The trans-Pacific market appears to have flipped. In a reversal of the established traffic patterns of the past three decades, U.S. exporters with air freight going to Asia are facing the prospect of bottlenecks, delays and rate increases, while shippers moving air cargo from gateways such as Hong Kong to North America have had no problem finding space at competitive prices.
Forwarders in North America are bracing for tight capacity to Asia in the weeks ahead as a result of lackluster demand for eastbound freight. Like they do every year, airlines have throttled back trans-Pacific freighter flights since the Jan. 23 start of the Lunar New Year break in Asia, but this time there is widespread uncertainty when those flights will resume.
“We are having a lot of conversations with airlines. Carriers are saying that there is a chance that flights that were suspended for Chinese New Year may not come back as quickly as they normally would have,” said Gary Schultheis, senior vice president for air freight in the Americas at DHL Global Forwarding. “The key is, what’s going to happen now? Carriers, particularly the Chinese carriers, are saying it doesn’t look that strong,” he said.
To the airlines, getting their bearings in the market means getting better balance. “We are confident that we can fill up our freighters on the return legs (to Asia) to a satisfactory level, but we are not sure on the outbound,” said Titus Diu, chief operating officer of Air China Cargo.
Airline schedules are driven by demand coming out of Asia, which has been tame. Combined with overcapacity, this has pushed down yields, making carriers wary of flying freighters to North America or Europe with less than full loads. Last year, when yields were higher, unexpectedly soft demand out of China in the aftermath of the holiday break prompted Chinese airlines to cancel many U.S.-bound freighter flights.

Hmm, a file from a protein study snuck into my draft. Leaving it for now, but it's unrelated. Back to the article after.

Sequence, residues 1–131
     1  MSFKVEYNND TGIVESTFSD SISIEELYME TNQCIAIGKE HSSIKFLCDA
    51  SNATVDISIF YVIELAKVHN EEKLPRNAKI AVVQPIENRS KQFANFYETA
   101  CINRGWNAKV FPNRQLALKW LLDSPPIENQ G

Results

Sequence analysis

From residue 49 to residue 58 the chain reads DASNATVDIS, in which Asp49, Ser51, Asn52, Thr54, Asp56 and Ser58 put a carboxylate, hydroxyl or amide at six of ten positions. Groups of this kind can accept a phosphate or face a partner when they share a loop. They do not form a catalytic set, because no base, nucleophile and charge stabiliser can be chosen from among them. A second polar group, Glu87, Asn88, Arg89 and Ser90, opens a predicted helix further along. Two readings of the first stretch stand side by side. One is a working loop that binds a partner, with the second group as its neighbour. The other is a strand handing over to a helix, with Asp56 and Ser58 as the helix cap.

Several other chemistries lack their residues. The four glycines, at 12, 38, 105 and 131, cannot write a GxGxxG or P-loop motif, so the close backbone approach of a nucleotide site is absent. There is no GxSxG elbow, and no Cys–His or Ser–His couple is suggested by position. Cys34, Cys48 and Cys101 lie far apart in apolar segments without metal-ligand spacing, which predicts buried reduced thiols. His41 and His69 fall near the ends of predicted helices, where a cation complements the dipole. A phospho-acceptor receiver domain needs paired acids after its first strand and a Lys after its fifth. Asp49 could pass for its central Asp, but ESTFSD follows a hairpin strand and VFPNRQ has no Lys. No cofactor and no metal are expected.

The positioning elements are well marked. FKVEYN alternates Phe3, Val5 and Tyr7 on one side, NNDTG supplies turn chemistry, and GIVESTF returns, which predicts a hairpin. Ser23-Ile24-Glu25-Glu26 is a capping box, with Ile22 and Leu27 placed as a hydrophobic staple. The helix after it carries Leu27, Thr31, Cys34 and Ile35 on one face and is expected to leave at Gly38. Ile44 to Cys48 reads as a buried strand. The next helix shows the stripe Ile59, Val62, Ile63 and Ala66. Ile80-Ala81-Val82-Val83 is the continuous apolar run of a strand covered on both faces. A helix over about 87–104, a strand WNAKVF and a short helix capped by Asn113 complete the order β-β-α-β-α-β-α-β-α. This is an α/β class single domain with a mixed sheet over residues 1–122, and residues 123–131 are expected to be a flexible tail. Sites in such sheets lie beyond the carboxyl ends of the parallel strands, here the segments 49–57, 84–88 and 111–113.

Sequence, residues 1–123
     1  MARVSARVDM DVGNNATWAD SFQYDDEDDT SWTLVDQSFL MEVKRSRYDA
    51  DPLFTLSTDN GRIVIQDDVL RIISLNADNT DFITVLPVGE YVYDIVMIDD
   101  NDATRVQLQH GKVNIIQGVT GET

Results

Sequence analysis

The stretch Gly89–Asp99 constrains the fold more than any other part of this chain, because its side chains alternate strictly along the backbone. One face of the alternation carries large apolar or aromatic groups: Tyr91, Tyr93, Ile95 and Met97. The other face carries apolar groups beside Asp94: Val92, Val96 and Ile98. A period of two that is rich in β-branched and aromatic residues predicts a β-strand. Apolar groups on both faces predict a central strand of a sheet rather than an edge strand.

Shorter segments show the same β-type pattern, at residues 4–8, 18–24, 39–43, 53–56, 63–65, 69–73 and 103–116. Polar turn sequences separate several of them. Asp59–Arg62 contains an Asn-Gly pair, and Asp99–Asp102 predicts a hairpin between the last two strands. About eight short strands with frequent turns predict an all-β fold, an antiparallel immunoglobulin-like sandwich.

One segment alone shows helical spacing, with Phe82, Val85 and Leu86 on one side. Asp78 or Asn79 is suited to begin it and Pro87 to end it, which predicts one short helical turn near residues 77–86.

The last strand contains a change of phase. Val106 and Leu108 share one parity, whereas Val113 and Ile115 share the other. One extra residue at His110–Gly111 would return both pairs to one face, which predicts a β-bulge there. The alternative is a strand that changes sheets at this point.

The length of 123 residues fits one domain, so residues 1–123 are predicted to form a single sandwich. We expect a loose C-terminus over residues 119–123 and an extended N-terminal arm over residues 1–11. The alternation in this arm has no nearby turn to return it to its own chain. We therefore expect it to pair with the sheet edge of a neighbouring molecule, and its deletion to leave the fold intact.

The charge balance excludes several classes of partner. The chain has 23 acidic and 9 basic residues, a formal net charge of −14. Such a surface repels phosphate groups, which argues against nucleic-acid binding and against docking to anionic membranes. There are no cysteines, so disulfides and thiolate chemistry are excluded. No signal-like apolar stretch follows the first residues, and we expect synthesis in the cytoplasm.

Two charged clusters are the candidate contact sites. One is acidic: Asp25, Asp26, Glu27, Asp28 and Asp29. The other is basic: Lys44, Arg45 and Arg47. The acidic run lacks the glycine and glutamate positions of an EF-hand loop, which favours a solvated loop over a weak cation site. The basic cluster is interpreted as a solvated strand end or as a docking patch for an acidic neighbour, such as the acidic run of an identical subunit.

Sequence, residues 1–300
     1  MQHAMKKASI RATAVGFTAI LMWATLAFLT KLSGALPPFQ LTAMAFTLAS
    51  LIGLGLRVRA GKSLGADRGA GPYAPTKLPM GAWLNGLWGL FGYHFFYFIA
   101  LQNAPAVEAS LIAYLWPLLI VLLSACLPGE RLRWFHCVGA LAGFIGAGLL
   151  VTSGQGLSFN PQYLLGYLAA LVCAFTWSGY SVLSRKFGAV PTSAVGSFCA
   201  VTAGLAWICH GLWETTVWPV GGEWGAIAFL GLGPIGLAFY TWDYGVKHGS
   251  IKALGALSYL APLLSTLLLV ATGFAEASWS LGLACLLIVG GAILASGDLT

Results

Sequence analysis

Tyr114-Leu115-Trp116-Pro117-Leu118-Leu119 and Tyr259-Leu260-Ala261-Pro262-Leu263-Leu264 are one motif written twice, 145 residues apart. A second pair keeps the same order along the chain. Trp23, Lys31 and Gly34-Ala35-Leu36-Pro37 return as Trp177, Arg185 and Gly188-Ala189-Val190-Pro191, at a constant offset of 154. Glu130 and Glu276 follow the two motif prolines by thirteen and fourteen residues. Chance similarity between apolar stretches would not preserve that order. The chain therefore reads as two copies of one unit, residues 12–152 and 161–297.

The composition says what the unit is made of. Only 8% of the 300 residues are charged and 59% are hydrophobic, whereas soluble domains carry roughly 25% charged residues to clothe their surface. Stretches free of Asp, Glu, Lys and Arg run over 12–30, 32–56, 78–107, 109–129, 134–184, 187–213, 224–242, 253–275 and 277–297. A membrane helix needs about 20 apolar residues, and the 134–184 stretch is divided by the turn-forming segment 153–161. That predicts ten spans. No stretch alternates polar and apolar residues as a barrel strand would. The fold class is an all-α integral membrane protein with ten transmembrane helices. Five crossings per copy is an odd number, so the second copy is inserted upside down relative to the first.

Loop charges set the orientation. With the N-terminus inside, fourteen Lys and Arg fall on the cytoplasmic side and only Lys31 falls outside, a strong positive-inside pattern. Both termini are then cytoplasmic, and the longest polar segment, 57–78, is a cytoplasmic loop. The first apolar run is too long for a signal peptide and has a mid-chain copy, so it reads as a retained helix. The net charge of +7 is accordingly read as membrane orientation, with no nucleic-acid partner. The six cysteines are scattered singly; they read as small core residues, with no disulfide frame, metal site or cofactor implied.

The airlines are in a more precarious situation now. “The carriers have made it clear that they will not fly in at a loss,” Schultheis said. “Everybody has learned a lesson from the last downturn.”
Demand from the U.S. to Asia actually has been strong, but this has no impact on freighter deployment on trans-Pacific routes, because westbound rates remain far below the levels in the opposite direction.
“Westbound loads have been very strong. Yields westbound are not bad, but they cannot fund the flight,” said Neel Shah, vice president of cargo at Delta Air Lines.
Industry consultants and executives predict further capacity reductions through the collapse of secondary carriers or the parking of freighters. Most carriers ground their expensive assets only as a last resort, but many have spoken of consolidating freighter routes.
That would reduce capacity and affect transit times, Schultheis said. “If an Asian freighter operator combined, for example, Los Angeles with Chicago and New York, would they turn the plane around or go back to Asia via Europe?” he said. Routing shipments to Asia over Europe would be expensive, he said.
Cutting capacity 5 to 10 percent, he said, would trigger serious backlogs, pushing forwarders to find alternatives to move freight to Asia.
And capacity to Asia already is tight, according to Shawn McWhorter, president for the Americas at Japan’s Nippon Cargo Airlines. McWhorter pointed to Singapore and Bangkok as likely challenging destinations. Direct lift from the U.S. to these markets is limited, and on indirect routings, U.S. exports compete with intra-Asia shipments to these destinations, he said. “Sometimes we have a three-day backlog to certain cities in Asia,” Shah said, adding the situation is manageable.
Giorgio Laccona, CEO of forwarder Global Airfreight and Ocean Logistics, anticipates challenges finding lift from the Northeast U.S. to Japan. “There is only one freighter from there to Osaka,” he said.
Destinations in Asia such as Singapore that already have limited capacity will be particularly affected by cutbacks, warned Malcolm Heath, executive vice president for air freight in the Americas at logistics provider DB Schenker. Shipments to Australia also will be affected, he said.
Shah has seen increasing efforts by forwarders to find workable routes to Asian destinations. “We get a lot more requests,” he said, and cargo agents have been more willing to embrace unusual routings.
Lasting capacity constraints are bound to affect pricing levels, although forwarders say rates have been stable. That could change, however, if capacity removed over Chinese New Year remains on the sidelines afterward.
“We will see what the market can bear,” Shah said.
Contact Ian Putzger at firstname.lastname@example.org.